Thursday, November 10, 2005

Paradoxical Integration_INT_OPN

Category: Interest
Subject: Racism / Multiculturalism
Source: Times of Malta

Ranier Fsadni writing in The Times of Malta

The violent rioting in France, which has involved looting, violence and destruction, has now seen emergency laws invoked. The riots and their spread have drawn a shocked European attention to a landscape of poor housing estates and multi-ethnic deprived neighbourhoods and raised questions about the prospects of multiculturalism in Europe. But these events cannot be explained by stock explanations - of either the left or the right.

When the far right crows that the riots show the failure and futility of multiculturalism it ignores some of the objective features of the French situation.

The rioters represent a minority of French citizens of immigrant background. Many of them are juveniles, school drop-outs, whose behaviour has shocked their communities and which has been condemned by their religious leaders. Some of the rioters, a fraction, are criminal delinquents and another fraction does not have an immigrant family background.

Above all, the idea that the rioters are rejecting some European idea of authority in favour of the authority of their own "indigenous" culture is mistaken twice over.

First, as the study of various groups of alienated youth of immigrant background in Europe shows, such youth tends to be alienated by all authority - including their own traditional religious authorities.

Second, it is not clear that Europe offers any model of cultural authority. Widespread relativism, at least in its pop TV-discussion form that moral judgements are not true or false but expressions of individual feeling or desire, offers no authority that can be accepted, let alone rejected.

Nor should a focus on the initial causes of the rioting make us forget that the riots, while obviously not caused by the French authorities, were inflamed by certain official decisions. When the Home Affairs Minister, Nicolas Sarkozy, with his eye on his presidential prospects, called the rioters "vermin", he incited the sympathy of the wider law-abiding community for the young rioters who are justifying their vandalism and violence as a response to institutionalised racism. The wider community, again, has been estranged by the police decision to tear-gas a mosque: a decision made for security reasons but mistaken, and no apology has been offered.

The analysis of one of France's leading students of teenage criminality, Hugues Lagrange, emphasises the lack of hope engendered by 20-30 years of educational failure and high rates of unemployment in poor neighbourhoods. Part of Mr Lagrange's analysis does confirm the claims (of "the left") that these are the results of insufficient integration - say, by an education system that does not adequately cater for the special needs of children of migrants. Dyab Abou Jahjah, president of the Arab European League, a movement growing in Belgium and the Netherlands as well as in France, speaks of an alienation caused by systemic denigration and unjust discrimination in schools and at work, the resentment of being treated as second-class when you are a fully fledged citizen.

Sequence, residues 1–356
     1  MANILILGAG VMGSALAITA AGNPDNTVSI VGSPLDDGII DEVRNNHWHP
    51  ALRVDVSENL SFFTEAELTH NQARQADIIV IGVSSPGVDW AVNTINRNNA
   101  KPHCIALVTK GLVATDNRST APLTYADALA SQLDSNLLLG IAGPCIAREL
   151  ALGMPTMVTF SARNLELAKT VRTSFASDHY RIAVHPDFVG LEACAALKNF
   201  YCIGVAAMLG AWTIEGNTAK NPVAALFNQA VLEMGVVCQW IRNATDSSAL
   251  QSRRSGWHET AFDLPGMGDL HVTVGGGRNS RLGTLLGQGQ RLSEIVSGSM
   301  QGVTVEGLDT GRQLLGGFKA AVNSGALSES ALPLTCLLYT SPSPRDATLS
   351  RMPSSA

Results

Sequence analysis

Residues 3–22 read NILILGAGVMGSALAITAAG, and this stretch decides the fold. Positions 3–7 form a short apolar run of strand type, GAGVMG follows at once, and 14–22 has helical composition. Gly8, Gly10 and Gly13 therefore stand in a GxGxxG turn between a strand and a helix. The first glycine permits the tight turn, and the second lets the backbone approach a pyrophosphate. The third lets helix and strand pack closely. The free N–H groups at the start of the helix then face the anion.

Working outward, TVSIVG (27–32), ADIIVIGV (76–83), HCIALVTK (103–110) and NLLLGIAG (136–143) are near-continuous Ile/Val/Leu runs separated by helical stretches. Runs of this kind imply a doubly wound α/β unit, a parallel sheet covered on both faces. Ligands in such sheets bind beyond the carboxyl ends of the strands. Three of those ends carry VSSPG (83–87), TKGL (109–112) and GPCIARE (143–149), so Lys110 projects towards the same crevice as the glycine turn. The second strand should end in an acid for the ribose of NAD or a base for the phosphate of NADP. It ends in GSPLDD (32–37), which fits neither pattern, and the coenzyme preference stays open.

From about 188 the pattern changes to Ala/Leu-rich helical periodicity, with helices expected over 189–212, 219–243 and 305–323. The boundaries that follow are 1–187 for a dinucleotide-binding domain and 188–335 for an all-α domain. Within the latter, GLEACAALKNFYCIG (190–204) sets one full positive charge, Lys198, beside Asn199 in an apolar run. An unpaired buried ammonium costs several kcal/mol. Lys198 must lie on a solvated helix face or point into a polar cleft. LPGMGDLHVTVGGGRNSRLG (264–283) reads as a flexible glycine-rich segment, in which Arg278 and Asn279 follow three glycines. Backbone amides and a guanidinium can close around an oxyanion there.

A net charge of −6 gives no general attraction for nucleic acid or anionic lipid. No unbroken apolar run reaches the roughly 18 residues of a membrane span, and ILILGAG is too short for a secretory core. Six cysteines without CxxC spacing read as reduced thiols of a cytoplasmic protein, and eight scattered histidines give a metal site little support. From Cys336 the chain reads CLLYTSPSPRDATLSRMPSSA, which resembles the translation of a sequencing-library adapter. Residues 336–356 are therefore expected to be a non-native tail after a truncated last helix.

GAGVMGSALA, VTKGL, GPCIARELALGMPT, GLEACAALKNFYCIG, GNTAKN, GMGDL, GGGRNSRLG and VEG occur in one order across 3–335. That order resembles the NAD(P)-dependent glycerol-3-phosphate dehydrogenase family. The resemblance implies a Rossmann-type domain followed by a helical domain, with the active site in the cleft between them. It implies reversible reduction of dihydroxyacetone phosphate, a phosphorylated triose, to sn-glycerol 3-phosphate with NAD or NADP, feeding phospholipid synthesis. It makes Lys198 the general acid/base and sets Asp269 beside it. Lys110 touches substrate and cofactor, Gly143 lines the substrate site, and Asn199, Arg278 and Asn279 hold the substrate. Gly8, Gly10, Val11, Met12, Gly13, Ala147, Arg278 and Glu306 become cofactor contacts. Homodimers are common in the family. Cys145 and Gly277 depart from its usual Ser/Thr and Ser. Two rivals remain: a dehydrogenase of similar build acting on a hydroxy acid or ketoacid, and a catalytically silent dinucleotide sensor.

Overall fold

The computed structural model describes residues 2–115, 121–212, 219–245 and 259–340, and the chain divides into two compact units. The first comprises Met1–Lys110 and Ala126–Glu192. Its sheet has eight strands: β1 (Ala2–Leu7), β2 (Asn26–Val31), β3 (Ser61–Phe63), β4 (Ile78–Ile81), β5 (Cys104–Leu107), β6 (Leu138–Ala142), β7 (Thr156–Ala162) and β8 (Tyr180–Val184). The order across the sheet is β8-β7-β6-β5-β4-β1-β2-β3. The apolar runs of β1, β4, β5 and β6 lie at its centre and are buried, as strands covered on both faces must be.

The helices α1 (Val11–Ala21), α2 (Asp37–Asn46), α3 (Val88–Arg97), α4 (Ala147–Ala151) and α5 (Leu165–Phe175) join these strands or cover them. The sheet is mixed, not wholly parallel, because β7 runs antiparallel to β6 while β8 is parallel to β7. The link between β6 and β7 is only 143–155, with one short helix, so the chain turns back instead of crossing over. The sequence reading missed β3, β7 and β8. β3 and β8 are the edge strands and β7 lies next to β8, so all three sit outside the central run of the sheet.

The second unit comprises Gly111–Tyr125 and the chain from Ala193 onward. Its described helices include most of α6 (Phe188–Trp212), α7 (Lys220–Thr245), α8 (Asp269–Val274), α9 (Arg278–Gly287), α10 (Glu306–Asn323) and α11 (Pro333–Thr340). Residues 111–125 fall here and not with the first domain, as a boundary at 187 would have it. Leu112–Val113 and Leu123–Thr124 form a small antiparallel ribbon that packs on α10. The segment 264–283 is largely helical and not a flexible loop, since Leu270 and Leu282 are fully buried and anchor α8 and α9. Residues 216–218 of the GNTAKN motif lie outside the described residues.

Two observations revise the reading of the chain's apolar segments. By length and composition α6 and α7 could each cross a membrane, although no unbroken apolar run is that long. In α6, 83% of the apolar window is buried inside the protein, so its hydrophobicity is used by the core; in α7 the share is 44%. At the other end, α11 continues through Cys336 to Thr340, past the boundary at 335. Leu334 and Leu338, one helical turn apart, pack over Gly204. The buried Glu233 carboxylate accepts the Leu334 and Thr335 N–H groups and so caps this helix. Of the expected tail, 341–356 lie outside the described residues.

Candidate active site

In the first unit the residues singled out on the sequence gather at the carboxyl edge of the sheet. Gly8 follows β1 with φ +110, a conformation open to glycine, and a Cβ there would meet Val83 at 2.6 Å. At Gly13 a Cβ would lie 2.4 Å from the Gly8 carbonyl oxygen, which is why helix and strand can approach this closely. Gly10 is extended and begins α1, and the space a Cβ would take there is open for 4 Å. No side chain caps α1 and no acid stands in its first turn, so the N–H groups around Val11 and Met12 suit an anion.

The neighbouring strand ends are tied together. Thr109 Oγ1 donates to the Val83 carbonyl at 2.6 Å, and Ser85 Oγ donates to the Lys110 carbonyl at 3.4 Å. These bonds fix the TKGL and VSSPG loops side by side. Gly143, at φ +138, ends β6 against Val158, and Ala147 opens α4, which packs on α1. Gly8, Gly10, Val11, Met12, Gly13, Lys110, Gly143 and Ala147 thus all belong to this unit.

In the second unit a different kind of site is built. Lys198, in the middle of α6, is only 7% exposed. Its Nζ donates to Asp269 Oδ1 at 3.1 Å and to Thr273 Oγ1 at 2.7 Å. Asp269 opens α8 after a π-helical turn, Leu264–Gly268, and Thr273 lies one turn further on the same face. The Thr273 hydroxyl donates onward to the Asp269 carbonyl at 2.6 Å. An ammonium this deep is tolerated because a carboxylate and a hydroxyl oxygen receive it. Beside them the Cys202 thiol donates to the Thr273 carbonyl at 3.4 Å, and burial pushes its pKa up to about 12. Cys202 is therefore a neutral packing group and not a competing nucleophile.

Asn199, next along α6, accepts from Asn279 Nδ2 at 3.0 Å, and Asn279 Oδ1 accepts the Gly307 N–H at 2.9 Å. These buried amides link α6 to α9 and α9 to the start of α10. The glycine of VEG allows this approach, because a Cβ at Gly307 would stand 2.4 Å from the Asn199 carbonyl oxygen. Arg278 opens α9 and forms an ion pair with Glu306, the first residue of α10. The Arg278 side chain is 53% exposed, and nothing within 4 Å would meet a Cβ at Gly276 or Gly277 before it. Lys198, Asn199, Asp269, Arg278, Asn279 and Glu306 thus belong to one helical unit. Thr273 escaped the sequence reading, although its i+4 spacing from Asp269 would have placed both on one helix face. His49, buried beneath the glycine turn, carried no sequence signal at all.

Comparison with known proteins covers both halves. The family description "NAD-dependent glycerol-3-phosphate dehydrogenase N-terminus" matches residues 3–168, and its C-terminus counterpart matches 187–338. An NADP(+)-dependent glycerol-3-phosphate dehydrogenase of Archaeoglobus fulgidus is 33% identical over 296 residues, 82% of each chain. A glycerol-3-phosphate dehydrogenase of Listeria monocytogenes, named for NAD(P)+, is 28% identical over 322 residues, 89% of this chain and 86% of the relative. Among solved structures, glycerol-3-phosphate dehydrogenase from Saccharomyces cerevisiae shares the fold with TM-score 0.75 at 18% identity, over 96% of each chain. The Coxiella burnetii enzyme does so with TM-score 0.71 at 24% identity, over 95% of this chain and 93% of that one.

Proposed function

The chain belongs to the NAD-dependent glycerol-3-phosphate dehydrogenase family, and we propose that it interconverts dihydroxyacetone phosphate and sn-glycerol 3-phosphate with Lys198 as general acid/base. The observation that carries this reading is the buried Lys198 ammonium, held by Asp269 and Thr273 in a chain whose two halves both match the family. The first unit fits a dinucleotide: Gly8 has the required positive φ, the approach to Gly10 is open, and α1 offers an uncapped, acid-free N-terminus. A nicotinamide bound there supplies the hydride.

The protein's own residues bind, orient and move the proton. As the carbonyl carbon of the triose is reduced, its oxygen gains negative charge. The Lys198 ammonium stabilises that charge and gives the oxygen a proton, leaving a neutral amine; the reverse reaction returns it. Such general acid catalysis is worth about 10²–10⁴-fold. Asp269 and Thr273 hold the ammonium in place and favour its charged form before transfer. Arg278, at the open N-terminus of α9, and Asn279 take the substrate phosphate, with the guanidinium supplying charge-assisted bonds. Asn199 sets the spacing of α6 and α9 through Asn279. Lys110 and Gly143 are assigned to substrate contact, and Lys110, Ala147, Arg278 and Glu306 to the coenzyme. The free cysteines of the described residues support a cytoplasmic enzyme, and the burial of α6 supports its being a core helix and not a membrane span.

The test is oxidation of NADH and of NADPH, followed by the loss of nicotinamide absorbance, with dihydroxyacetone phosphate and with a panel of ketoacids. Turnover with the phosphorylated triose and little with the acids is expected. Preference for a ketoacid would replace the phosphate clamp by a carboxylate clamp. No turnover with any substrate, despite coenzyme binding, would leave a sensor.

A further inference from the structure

Interestingly, however, Mr Lagrange sees the problem as being in part the unintended consequence of highly successful integration: the mobility of those who flourished in the education system or who made money, escaped their shabby neighbourhoods, leaving what remained to become an environment of failure.

This paradoxical consequence of successful integration is confirmed by other sources. In recent days the president of a women's rights group for French Muslim women, of immigrant background, has confirmed that most women like her are not only "integrated" but happy to be French citizens, enjoying civic and political rights that they would not have in their parents' or grandparents' countries of origin.

And the European experience of Muslim migrants suggests that the greatest difficulties have to do not with the first generation, which is generally eager to settle down peacefully in its new homeland, but with the second and third generations: the causes for alienation clearly cannot be blamed straightforwardly on the cultural background. Other factors must be sought and addressed.

One of these factors has to be immigration policy itself. It would be futile for Europeans to clamp down on immigration when Europe's current economic need for it is analogous to the need that countries like Canada and Australia had a few decades ago. Those two countries, however, had a more systemic policy than the Union has now. It is such a policy, of controlled immigration, a control that addresses not just numbers but informal agreements with countries of origin, which the Union needs to formulate. The aim would not be to suppress multiculturalism but to practise it well.

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